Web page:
“Related to Life” A multimedia exhibition by Mette Sofie Roche The exhibition runs from Thursday 17th November to Friday 9th December Mette is originally from North-Norway but has lived in Ireland for more than 40 years and runs a full time art practise from her studio in Co. Meath. After a 30 year professional career as a social worker she graduated from NCAD in 2011 with a Diploma in Art & Design.
She is a process oriented and multidiscipline artist who uses a wide spectrum of both materials and methods in her art practise. What she is interested in is to take real life objects or materials and turn them by some inspired, secret process, into something else; related to life in some way, conceptual or otherwise, but stronger, more intense and preferably weirder.
Research into the cultural traditions, beliefs and myths of the Samé People in the Northern hemisphere, her ancestors, has given direction to her art work in the last few years. It is a culture in transition with influences from many different directions both religious, political and economic. Only traces and fragments are sometimes left of the ancient traditions and the knowledge of nature so vital to a traditional Samé community.
The sculptural installation of Tatterlings symbolises the deterioration of the old way of life and is made from the synthetic fiber found in workmen’s suits. A collection of drawings and silk paintings are further fragmentations of these sculptures.
She explores the old craft of candle making in her wall mounted and freestanding wax sculptures which are inspired by the old Samé ‘s belief in Totemism; believing in the power of inanimate objects to hold “conscious” spirits that interact with society. The land inhabited by the Samé have been fought over, claimed and contested for generations.The sculptures Inherited Landscape and Subject to Inquiry make references to the many litigation processes. In Whitescape, the memory and knowledge of the landscape are in the folds and layers, twists and turns of organically shaped rags from re-cycled cotton bed linen. The art work creates innovative compositions with elements of mystery, ambiguity and a sense of intrigue. The work process is a way of tracing and preserving things that are gone or slowly disappearing – or falling apart. The ambiguity allows the viewer to bring their own meaning to the art work. www.metteroche.com
Most recent exhibitions included an exhibition of paintings, entitled ‘Another Reality’ from Limerick based artist, Nuala O’Sullivan, in September. Nuala’s interest in the aesthetic and culture of the 1950s period and the friction between outward appearance and hidden restriction, come together in this series of paintings. The works reference family Super 8 movies and photographs from the 1950s and 1960s period.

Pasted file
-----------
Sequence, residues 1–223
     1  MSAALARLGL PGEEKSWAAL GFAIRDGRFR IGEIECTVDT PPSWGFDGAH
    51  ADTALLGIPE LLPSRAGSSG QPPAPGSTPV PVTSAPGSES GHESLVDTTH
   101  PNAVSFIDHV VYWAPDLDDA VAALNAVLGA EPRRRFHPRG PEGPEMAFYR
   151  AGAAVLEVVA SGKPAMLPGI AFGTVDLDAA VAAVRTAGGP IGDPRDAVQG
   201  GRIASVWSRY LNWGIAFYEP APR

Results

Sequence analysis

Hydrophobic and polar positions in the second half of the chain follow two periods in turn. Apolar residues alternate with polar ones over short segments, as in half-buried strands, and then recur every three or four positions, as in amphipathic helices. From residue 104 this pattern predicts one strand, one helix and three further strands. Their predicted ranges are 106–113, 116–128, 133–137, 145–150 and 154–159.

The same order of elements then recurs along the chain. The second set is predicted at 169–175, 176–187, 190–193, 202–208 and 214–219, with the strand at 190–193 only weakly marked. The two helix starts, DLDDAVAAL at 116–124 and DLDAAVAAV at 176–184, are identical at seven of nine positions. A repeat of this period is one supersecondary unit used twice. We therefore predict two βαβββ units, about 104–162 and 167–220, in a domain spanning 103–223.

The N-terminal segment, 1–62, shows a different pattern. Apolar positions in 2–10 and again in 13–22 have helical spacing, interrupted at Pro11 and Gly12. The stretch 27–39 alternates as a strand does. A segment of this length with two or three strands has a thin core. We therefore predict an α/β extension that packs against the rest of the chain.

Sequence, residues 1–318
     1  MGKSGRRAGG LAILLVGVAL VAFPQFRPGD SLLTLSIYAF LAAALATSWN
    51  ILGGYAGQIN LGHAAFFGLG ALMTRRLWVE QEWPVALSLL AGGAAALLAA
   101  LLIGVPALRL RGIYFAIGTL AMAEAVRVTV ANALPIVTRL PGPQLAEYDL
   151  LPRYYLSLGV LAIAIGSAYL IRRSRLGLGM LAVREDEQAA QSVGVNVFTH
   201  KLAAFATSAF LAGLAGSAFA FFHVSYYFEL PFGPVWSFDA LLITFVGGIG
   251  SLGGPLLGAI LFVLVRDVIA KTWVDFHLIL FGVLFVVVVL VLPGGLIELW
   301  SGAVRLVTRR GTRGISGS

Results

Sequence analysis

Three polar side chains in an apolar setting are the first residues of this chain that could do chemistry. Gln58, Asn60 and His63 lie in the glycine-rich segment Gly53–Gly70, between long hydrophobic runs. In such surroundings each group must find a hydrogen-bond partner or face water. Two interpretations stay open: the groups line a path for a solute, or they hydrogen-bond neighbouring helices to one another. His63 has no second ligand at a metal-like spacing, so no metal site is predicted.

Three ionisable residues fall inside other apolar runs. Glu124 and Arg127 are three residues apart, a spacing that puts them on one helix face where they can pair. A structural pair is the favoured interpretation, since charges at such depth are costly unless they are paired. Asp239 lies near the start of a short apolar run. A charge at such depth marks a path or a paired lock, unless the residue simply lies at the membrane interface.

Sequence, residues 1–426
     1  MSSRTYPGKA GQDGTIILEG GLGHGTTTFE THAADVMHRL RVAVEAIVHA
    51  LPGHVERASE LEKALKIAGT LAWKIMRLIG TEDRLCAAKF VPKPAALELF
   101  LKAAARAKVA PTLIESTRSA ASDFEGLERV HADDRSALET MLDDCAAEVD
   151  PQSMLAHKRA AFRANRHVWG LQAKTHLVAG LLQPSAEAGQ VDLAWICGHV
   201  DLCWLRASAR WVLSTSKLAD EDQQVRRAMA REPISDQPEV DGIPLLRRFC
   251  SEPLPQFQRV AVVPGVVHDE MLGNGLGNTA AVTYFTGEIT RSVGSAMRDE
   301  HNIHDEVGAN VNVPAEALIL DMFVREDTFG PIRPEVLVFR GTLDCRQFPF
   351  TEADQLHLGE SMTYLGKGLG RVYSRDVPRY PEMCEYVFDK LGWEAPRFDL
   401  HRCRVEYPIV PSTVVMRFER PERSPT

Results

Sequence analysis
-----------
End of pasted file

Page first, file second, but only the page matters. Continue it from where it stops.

Within the work many thin layers of paint are used to allow some of the light from the canvas to remain, reminiscent of holding a negative or piece of old celluloid film to the light. ‘Through my painting I want to intervene and interfere with the still image. This interference with the original image involves bringing colour, new scale, and new meaning to the images; bringing the viewer’s attention to the surface of the painting, and in so doing to show the passage of time within the final painting. Through painting these photographic images they will have an afterlife.’ Living and working in Limerick, Nuala O’Sullivan was awarded her BA in Fine Art (Painting) from Limerick School of Art and Design in 2006 and completed her MA in 2013.
In July the Arthouse Gallery, presented Night Shade Sound Scape an exhibition by Leitrim-based artist, Dorothee Kӧlle, officially launched by Enda Coyle-Greene, Poet and winner of the Patrick Kavanagh Award.
The work included paintings, collages, assemblages, and an installation reflecting the gallery space, the artist environment, and outer and inner experiences. Spontaneous creation, contemplation and analytical reflection go hand in hand during her process of working. A constant juggling between flexibility, openness, control and boundaries. The idea of a journey of travelling without knowing the outcome is reflected in searching and discovering different approaches in her art practices.
Dorothee Kӧlle has exhibited in various venues in Ireland such as in the RHA Annual Exhibition, IONTAS, Sculpture in Context and other selected or invited group shows since 1991. She completed the three years Sculpture Course in Manorhamilton, and graduated in Fine Art at Sligo IT in 2005.
‘On My Green Way I Wend’ an exhibition of paintings by Tipperary born artist Maria O’Brien took place in May.
A new body of work, created during her residency in The Laois Arthouse, reveals a renewed exploration into landscape for the artist. The exhibition was officially opened by Noel Kelly, CEO of Visual Artists Ireland.
The work explores humans engaging recreationally with the outdoors – using nature for their own diversion and entertainment with all the paraphernalia this involves. Action shots are painted quickly and deftly capturing the energy and spontaneity of the interaction between humans and their surrounds. O’Brien draws attention to how bizarre the human struggle to engage with nature often seems. She highlighted this through her palette, the often ostentatious coloured garb jumps out against the natural background. She paints people who want to be seen; a basic human desire. As much as wanting to be seen is innate in human nature, so is wanting to watch others, in the artist’s case painting the memories of perfect strangers. It is through her observation of the human in their surrounds, through her choice of content and rich surface, that the artist has created a new platform from which we, the audience, can vicariously people-watch ourselves.